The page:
Could you imagine coming to Ford’s Theatre and not learning much about President Abraham Lincoln’s assassination? Since 1865, people have struggled with how much to emphasize the Lincoln assassination as opposed to all the other moments of Lincoln’s life.
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Today, open office plans have become a trend—and have garnered increasing amounts of controversy. But the photo of workers in the former Ford’s Theatre space shows that working in an open office is not just a product of the Google age.
One of the first things you may have learned about President Lincoln was that he was honest. To many kids, and even some adults, Abraham Lincoln remains “Honest Abe.” His honesty, humor and intelligence—these are just a few of the qualities that make him a source of inspiration for many Americans.
In honor of Lincoln’s birthday, this year we’re bringing the expertise of some of our most knowledgeable staff members straight to you.
Since we last posted an update in July about the progress of the Remembering Lincoln digital project, we’ve been busy! So, for the sake of other institutions interested in undertaking a similar digital public history project, and for those who like to be in the loop, here’s an update.
As we build the Remembering Lincoln digital collection, we are looking for contributions not just from institutions but from individuals. We know that a lot of people have diaries, letters, newspapers and other primary sources from their ancestors, and that also many private collectors out there have relevant items.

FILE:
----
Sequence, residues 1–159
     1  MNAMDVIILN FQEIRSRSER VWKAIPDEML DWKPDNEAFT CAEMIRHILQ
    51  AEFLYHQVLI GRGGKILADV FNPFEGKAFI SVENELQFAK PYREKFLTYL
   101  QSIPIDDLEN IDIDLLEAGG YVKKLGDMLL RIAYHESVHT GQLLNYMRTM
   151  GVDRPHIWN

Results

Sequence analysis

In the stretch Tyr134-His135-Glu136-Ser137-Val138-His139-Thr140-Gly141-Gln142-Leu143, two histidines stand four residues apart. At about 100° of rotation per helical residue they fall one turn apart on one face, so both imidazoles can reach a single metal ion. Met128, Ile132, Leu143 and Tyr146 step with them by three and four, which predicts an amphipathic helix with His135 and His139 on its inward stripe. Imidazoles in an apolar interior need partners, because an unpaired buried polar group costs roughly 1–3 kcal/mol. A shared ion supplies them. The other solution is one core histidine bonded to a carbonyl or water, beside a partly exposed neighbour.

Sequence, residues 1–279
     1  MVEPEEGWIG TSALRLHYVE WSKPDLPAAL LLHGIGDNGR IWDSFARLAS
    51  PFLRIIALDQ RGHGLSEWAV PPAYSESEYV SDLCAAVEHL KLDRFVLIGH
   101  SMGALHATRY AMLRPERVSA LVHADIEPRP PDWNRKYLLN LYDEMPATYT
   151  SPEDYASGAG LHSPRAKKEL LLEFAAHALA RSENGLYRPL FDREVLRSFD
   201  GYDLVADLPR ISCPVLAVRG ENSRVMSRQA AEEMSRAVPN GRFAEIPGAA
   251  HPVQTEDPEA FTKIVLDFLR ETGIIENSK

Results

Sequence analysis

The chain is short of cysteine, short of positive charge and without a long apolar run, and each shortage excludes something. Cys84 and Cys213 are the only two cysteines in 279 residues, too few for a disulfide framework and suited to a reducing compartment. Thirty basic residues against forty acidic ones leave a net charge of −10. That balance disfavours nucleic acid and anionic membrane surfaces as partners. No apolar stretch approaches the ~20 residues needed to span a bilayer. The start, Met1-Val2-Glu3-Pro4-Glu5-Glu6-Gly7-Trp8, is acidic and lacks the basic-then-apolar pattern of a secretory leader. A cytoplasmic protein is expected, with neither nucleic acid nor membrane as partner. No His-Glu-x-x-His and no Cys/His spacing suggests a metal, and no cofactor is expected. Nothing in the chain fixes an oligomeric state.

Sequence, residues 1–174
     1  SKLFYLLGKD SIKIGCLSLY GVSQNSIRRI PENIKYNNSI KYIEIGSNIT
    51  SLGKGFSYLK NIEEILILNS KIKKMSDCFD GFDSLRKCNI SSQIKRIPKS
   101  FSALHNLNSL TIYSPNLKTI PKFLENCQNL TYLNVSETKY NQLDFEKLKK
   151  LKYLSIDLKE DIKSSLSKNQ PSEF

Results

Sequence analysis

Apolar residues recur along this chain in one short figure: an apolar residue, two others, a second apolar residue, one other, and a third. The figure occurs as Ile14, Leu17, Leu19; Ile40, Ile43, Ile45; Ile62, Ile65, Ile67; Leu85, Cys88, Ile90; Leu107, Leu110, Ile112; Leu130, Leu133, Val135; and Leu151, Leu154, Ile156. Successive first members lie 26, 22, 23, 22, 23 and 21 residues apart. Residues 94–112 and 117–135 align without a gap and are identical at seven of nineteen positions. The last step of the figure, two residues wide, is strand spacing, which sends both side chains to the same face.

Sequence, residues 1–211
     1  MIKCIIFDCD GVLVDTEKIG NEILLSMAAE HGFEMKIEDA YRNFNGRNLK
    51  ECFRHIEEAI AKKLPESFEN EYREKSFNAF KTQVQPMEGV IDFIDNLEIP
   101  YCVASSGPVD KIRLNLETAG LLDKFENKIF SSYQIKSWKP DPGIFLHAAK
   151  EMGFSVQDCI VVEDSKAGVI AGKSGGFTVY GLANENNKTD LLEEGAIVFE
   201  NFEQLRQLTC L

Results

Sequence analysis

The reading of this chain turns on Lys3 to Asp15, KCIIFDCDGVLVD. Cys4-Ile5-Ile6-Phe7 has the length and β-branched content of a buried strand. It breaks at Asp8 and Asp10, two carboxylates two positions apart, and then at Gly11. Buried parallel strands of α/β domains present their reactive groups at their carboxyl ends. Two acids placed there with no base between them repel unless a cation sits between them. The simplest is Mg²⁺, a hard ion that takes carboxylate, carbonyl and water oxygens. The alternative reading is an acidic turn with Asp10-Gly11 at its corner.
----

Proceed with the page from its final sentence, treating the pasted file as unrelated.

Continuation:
How do you show people what was once in a space without carrying out a full restoration? The photo above, from our book Images of America: Ford’s Theatre, shows a diorama that the National Park Service devised when the interior of Ford’s was a museum bearing no resemblance to its previous identity as a theatre.
The photograph here may be the only one showing someone pointing the actual deringer pistol that Booth used—not something to be recommended from the standpoint of either proper museum collections management or, arguably, good taste.
As you enter the Museum, you see a set of brass knuckles, a knife and a pair of artillery goggles from four years before the assassination, when Lincoln first faced a threat to his life as he journeyed to Washington to take the office of President.
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